Do you remember the simple days when, at least in Michigan, the location of your organization determined whether sexual orientation was a protected class or not? Locally, Kalamazoo, Portage, and Battle Creek have passed ordinances prohibiting discrimination based on sexual orientation. Some other local municipalities did not. That meant that you could legally discriminate based on sexual orientation or gender identity in some of the surrounding areas.
Then along came the EEOC. During the Obama presidency, the EEOC began to interpret Title VII as including sexual orientation as a protected class, just like other sex harassment situations. Inevitably, complaints were made, cases were pursued, and the assumption was that the issue would be decided in the courts. However, that answer did not come as expected since some circuit courts agreed with this interpretation, while others did not. That left us once again with decisions that differed by location.
In September, another wrinkle was added. In one case (Zarda v. Altitude Express, Inc.), a gay employee of a skydiving company was allegedly terminated based upon his sexual orientation. In that case, under direction from the new administration the Department of Justice (DOJ) filed a brief that countered the EEOC’s interpretation of Title VII, effectively putting the Federal government on both sides of the same court case. Ultimately, the 2nd Circuit court did not support the revised interpretation of Title VII and the dismissal of the case was upheld.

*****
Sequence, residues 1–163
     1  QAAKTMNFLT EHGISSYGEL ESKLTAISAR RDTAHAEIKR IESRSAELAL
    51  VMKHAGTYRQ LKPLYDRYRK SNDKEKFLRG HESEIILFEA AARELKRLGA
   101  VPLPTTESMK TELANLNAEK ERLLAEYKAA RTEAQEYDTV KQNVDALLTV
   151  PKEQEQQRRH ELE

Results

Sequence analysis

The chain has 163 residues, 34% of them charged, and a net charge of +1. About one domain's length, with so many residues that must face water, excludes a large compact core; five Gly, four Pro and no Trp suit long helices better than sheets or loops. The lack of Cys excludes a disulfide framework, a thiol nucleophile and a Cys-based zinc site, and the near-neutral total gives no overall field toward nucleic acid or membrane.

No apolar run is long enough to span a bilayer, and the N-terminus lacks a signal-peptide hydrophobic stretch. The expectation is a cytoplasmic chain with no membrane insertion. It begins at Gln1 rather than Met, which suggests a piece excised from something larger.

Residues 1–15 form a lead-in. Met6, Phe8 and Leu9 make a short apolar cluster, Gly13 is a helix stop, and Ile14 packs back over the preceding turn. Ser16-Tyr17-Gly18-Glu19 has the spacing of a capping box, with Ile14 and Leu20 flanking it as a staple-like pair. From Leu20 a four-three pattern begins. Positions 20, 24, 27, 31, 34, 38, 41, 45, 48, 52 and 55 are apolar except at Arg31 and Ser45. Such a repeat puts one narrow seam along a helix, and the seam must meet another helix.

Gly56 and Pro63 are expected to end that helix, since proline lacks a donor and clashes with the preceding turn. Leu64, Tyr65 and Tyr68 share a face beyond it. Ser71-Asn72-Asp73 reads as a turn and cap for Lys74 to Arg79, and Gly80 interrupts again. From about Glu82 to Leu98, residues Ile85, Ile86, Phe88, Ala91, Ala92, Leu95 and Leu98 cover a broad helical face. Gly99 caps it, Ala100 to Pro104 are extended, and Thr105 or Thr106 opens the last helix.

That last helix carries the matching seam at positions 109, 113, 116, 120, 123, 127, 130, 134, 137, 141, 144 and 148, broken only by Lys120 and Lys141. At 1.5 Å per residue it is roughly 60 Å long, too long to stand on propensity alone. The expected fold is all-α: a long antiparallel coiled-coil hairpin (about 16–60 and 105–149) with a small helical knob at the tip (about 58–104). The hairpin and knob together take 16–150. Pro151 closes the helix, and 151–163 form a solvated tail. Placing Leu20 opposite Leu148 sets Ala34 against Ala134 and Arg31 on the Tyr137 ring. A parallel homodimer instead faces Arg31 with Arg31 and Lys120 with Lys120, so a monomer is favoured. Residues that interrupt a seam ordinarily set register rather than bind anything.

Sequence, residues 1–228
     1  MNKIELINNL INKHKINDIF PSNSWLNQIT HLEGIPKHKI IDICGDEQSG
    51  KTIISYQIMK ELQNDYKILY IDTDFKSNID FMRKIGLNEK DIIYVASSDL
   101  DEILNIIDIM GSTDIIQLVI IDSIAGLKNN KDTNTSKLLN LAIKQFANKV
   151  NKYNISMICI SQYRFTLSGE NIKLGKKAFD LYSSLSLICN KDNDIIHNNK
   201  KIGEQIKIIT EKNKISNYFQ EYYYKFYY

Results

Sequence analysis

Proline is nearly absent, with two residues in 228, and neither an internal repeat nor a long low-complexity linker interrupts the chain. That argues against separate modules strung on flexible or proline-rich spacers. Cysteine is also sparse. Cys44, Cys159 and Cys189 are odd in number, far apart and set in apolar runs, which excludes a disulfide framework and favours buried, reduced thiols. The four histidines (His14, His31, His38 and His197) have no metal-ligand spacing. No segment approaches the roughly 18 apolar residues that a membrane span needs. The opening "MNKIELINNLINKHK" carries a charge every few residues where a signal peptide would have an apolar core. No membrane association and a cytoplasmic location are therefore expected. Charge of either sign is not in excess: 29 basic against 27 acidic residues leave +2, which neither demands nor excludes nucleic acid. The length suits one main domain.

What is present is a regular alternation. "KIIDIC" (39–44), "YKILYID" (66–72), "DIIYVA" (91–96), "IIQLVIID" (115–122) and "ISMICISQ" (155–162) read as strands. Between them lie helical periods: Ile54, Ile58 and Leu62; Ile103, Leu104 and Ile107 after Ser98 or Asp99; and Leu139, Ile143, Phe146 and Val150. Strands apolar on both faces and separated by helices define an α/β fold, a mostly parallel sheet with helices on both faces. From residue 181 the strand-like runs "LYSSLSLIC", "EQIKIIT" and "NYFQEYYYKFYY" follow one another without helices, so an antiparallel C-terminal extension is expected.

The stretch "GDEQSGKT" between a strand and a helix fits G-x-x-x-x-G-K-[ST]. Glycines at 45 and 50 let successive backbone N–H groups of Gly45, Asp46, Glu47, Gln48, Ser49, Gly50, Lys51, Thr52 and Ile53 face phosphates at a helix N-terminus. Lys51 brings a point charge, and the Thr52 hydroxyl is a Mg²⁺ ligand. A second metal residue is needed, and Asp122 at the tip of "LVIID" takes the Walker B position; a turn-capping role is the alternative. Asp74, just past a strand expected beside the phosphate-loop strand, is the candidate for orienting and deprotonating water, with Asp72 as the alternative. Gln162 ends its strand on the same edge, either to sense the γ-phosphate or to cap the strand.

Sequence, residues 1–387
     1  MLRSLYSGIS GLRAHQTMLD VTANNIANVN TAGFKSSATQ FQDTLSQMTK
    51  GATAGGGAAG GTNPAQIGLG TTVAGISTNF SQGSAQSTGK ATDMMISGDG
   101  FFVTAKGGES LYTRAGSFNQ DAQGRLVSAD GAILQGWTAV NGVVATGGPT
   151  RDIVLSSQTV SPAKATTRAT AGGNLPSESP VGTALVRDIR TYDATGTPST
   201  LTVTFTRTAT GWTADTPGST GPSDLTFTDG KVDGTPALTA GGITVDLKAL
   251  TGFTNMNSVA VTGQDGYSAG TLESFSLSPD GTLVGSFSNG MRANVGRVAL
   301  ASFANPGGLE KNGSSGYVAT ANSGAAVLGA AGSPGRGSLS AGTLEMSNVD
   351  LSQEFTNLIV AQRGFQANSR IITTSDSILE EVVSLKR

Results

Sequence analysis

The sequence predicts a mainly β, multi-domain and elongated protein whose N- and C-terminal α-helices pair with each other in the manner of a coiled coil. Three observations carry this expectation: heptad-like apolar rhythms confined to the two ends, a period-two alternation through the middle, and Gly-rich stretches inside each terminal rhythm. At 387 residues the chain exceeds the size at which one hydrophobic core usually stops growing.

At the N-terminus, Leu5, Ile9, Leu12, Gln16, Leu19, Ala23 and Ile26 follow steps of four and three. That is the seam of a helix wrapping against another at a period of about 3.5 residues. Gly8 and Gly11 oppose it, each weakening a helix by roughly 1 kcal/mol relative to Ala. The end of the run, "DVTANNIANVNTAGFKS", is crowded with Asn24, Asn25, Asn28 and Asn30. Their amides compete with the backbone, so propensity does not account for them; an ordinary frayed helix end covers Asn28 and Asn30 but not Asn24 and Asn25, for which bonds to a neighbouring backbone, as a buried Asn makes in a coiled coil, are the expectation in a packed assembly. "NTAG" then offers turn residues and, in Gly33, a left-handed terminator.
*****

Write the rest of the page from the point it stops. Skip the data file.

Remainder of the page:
With conflicting decisions among the circuit courts and between government agencies, there was speculation that the Supreme Court would decide in the issue in December, but it has chosen not to hear the case. The EEOC has now said that for new cases, they will likely take the location of the employer into consideration. If located in a circuit court region that has agreed with their interpretation of Title VII, they will be more likely to pursue the case.
So what does this all mean for employers? At HRM, we know that the best practice for any organization is to treat people fairly and with respect. Using that as a baseline, our advice is to be aware of which ordinances, laws, or court decisions might apply to your organization, but to treat everyone well, fairly and equally regardless of your location.
If we’ve learned anything by watching these decisions evolve it’s that they will continue to change. Treating people well in every location never seems to go out of style.